As she spoke she twisted a worn wedding band. Married when they were 16 and both in service, he joined up and was invalided out with the affects of gas. Life was had after he was demobed, too ill to get a job she had to be both carer and bread winner. Still their marriage survived.
His health got worse and then in his eighties dementia was diagnosed. Still she refused to have him ‘put away’. One day as they sat in their chairs after lunch snoozing gently the door crashed open and a man with a mask on and a baseball bat came in and starting hitting her husband over the head. With all the strength in her worn out body she took a large ornament and crashed it over the assailants head. He fell to the floor. She crawled to the phone and dialed 999
Police came and ambulance. Both she and her husband and the assailant were taken to hospital. Later she was told both the assailant had died of his injuries and she was under arrest for murder.
Once considered well enough to leave hospital she was taken to the local police station and formally charged. Their home a ‘crime scene’ there was nowhere for her to go, so it was decided to keep her in custody. They were kind but nobody seemed to care that she was missing the ‘other half of her life’.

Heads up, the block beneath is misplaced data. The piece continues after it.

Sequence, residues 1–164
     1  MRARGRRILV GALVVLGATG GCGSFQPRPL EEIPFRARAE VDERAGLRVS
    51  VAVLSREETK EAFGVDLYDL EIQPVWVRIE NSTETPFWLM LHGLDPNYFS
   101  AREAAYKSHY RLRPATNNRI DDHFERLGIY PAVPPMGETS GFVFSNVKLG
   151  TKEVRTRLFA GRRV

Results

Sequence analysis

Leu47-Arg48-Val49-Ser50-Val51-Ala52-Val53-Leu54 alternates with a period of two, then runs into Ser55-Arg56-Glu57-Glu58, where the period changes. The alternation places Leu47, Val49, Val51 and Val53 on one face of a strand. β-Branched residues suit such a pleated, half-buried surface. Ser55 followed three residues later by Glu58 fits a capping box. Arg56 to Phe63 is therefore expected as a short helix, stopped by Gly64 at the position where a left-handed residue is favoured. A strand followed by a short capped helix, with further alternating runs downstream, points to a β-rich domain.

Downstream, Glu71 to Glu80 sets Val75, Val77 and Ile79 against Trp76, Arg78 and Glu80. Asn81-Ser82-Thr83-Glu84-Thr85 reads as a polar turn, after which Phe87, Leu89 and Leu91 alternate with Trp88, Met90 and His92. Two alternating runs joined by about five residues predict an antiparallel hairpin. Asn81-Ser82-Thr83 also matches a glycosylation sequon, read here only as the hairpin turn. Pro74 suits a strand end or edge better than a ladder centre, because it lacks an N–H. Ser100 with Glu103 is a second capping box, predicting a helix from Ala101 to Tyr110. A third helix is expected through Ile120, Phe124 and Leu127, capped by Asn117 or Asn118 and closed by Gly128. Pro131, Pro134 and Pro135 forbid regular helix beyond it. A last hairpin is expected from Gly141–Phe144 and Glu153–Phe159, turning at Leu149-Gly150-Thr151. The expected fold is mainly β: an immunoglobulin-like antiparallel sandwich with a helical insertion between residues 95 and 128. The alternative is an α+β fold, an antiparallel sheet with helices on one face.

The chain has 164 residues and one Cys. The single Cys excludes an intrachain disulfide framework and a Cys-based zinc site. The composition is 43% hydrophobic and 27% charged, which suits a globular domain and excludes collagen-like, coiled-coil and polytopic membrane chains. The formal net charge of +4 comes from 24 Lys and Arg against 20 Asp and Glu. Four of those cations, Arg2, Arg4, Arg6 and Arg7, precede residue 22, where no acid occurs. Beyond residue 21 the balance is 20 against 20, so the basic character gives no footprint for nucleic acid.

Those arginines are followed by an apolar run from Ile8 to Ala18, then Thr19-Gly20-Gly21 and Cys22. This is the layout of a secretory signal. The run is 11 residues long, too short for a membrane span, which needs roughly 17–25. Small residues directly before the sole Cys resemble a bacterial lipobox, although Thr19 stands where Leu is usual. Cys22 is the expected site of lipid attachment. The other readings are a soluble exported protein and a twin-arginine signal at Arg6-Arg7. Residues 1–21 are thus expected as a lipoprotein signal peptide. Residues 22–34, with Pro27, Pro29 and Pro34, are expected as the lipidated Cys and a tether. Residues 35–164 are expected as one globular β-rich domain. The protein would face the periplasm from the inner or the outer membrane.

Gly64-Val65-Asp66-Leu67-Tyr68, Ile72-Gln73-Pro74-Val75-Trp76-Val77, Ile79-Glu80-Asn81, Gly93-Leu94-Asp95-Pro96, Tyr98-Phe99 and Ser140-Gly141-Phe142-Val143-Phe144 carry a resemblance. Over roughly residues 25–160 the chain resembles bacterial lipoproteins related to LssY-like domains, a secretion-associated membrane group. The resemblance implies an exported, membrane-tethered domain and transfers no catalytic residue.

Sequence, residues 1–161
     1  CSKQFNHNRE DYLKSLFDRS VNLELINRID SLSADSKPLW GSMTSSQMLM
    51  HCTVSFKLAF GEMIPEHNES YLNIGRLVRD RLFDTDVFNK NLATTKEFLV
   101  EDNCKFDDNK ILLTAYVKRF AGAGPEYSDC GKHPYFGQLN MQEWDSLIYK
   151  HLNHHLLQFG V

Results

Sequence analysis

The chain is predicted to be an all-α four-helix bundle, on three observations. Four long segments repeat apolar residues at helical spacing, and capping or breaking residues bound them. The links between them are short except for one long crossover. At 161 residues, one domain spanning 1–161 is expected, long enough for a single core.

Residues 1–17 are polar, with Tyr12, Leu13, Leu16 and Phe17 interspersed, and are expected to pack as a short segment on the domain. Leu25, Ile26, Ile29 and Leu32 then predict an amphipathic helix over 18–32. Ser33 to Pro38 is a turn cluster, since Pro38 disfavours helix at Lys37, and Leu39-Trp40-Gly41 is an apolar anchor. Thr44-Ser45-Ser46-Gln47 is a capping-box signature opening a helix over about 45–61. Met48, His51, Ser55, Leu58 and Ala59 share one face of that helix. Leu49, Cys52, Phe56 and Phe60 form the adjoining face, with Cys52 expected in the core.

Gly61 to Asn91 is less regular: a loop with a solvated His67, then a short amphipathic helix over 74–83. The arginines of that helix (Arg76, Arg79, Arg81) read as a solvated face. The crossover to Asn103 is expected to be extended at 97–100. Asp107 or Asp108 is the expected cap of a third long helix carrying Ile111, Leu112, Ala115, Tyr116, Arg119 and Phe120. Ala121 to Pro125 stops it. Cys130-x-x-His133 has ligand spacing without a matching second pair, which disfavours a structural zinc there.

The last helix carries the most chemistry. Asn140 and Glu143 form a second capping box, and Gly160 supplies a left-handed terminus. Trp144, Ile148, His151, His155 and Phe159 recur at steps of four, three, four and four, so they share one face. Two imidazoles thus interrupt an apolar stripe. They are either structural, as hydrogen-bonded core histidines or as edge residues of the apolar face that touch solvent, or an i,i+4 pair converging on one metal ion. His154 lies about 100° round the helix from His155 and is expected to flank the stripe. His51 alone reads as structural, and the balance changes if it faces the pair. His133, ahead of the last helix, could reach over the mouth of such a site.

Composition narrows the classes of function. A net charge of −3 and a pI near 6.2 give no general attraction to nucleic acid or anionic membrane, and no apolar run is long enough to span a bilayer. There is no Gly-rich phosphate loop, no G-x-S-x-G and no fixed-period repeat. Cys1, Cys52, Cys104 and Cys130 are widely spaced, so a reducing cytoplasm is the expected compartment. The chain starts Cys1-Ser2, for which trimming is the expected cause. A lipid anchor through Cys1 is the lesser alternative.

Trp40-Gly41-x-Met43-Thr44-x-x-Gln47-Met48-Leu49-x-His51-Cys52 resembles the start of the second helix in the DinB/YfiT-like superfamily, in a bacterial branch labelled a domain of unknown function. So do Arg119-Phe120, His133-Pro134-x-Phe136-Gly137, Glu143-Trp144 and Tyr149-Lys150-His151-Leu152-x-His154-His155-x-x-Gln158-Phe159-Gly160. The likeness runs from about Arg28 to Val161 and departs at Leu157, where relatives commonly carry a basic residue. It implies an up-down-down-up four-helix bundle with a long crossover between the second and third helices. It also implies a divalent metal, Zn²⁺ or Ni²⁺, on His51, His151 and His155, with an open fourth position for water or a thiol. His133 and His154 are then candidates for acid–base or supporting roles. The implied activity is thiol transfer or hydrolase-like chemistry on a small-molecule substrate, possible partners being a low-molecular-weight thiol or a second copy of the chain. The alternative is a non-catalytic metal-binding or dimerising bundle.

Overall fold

In court she was confused and admitted the crime and given a lengthy prison term. The Judge was gentle and sympathetic and sadly explained to her that because she had ‘confessed’ to murder, he had no option but to give her the only sentence for that crime there was – life.
As sentence was pronounced she looked confused – like a lost child. The police officers out of respect did not use cuffs as they gently led her down to the custody cell and then the awaiting prison van. Her lawyer was allowed to see her and gave her a big hug and when she enquired after ‘her Bill’ told her that he was being looked after.
A model prisoner she served her ‘time’ and despite her grief at being parted for her beloved Bill, almost thrived in the security of the environment she was in, working in the kitchens, quietly waiting the day when it would all be over, and she would be reunited with her beloved. Unlike others she made no friends despite other prisoners trying to help her and make her feel less alone. Her nickname was Gentle Grannie so quiet was she, and when on the rare occasions she smiled, it was as though the sun came out.